Note that outgoing air and incoming air never mix in the heat recovery process; they simply pass in separate channels in the ventilator core, allowing an exchange of heat through conduction.

The 'efficiency rate' of an HRV unit determines how much energy will be saved by using that particular device. Although it requires the operation of a fan on a continual basis, the energy recovered from the inside air is many times that of the energy required for the fan.

Typical efficiencies range from 55% to 75%, but some extremely efficient models are rated as high as 93% efficiency. At present, these latter units are significantly more expensive and only available from Europe.  However, when you factor the value of energy savings over the unit’s full life cycle, shipping these costly units across the ocean can still make it a financially and ecologically sound investment. 

Energy (or Enthalpy) Recovery Ventilation (ERV) goes a little further than the HRV scheme, as this type of system also captures some of the humidity in the air to keep it on the same side of the thermal envelope that it came from.

So in winter, the system transfers the humidity from the air being extracted to the incoming fresh (and dry) air to help keep the ambient humidity level at a reasonable value (between 40 and 60%) at all times.

In summer, the humidity transfer reverses and the humidity in outside air is removed before it is injected into the home. This saves energy by reducing the load on your air conditioning system and/or dehumidifier. A high efficiency of humidity transfer would be around 70% but this value depends on the actual humidity on either side of the envelope.

One important note is that whatever you choose for your needs, there will always be a power on/off switch. If your system is too noisy, you will likely turn it off for long periods of time even if you really need it. Ensure you have a quiet system and that it is installed properly to avoid the temptation of turning off a piece of equipment that represents both a financial and health investment.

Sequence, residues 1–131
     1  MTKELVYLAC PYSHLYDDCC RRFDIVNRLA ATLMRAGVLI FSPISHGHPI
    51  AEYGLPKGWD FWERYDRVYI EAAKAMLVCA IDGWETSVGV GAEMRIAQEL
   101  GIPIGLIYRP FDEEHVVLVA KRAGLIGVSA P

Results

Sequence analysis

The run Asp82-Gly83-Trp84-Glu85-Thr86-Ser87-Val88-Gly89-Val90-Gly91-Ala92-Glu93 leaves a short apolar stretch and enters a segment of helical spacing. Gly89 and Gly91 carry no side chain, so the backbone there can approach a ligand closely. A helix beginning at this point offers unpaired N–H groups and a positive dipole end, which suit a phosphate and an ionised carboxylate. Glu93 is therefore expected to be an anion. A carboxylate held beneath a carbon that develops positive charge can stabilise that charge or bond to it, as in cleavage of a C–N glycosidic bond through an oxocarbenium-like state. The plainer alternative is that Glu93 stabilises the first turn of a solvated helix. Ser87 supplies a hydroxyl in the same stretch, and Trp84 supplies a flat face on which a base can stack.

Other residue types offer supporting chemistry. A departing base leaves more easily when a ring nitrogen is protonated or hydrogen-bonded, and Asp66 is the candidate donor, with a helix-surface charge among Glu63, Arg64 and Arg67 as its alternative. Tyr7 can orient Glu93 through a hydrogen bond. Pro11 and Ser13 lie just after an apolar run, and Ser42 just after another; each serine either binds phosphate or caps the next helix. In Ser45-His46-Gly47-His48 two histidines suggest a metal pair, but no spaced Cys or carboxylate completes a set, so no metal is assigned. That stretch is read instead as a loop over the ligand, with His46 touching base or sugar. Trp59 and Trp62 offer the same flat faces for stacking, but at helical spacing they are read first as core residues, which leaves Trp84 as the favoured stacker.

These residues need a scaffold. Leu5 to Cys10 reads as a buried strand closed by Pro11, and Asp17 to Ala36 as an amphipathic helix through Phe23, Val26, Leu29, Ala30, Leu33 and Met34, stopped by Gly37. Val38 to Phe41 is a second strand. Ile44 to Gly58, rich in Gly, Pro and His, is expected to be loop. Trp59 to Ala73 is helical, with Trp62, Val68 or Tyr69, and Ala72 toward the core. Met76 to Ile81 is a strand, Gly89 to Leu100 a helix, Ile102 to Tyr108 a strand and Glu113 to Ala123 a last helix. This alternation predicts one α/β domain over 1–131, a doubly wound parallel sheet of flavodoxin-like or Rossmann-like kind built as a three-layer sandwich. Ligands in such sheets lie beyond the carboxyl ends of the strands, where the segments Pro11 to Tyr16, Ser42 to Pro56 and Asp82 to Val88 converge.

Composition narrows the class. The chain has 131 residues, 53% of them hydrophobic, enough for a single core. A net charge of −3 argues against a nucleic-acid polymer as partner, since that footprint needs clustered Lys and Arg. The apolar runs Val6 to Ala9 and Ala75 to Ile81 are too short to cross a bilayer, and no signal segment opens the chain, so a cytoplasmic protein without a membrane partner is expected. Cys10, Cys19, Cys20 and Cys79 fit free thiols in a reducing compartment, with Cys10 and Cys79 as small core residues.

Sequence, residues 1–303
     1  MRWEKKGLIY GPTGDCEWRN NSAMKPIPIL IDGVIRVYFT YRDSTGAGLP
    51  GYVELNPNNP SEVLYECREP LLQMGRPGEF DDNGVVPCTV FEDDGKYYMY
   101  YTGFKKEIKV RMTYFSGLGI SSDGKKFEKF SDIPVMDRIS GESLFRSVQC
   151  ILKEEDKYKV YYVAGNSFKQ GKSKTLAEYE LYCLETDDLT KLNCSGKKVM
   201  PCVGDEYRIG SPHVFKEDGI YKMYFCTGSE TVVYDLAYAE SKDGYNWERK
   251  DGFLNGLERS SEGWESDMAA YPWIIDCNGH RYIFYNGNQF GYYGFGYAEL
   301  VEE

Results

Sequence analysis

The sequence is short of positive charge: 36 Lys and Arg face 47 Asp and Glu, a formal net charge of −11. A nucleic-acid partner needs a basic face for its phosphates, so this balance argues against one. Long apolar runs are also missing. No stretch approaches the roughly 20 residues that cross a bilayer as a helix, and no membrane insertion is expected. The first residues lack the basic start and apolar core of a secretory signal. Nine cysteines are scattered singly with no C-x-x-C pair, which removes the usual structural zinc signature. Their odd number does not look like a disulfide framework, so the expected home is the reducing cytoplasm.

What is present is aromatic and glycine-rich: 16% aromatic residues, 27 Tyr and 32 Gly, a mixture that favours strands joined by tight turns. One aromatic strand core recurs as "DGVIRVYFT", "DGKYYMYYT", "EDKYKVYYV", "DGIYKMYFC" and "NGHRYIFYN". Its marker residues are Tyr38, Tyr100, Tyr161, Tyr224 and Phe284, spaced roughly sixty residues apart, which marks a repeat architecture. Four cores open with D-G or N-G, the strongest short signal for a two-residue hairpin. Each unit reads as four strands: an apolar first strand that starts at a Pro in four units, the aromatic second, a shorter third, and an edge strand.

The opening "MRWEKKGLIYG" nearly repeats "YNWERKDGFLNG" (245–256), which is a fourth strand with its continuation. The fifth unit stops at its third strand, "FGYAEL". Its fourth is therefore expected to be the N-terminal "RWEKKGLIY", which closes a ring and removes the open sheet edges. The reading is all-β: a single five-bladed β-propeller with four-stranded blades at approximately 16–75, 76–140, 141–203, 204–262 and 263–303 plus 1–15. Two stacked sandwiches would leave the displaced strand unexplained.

How to choose:

The best option between an HRV and an ERV depends on your climate and specific needs. If your house is too humid in winter (above 60% RH) then an HRV is the better choice, as it would surely get rid of excess humidity while an ERV would tend to keep it at a high level.

If the opposite is true and your house is too dry in winter, then an ERV would be a better choice as it helps retain humidity, eliminating the need (and cost) for you to generate it through other means.

In summer time, the use of an HRV will usually increase the humidity level inside your home, so an ERV is better in hot and humid zones. But a dedicated dehumidifier will likely do the trick much better. At the very least, the ERV will lower the load on the air conditioning system, even if it can’t keep up with the high humidity level on the outside.

So in the end, there is not one right choice. It depends on your climate, your lifestyle and your home. In a perfect world we would have one of each, short of that we are left to make a choice.

One thing is for certain though, whichever you choose, an airtight home with an ERV or HRV is an evolutionary leap beyond the leaky houses of the 20th century, so if  you are building or have a reasonably airtight house, don't lose sleep over which one to get – just get one.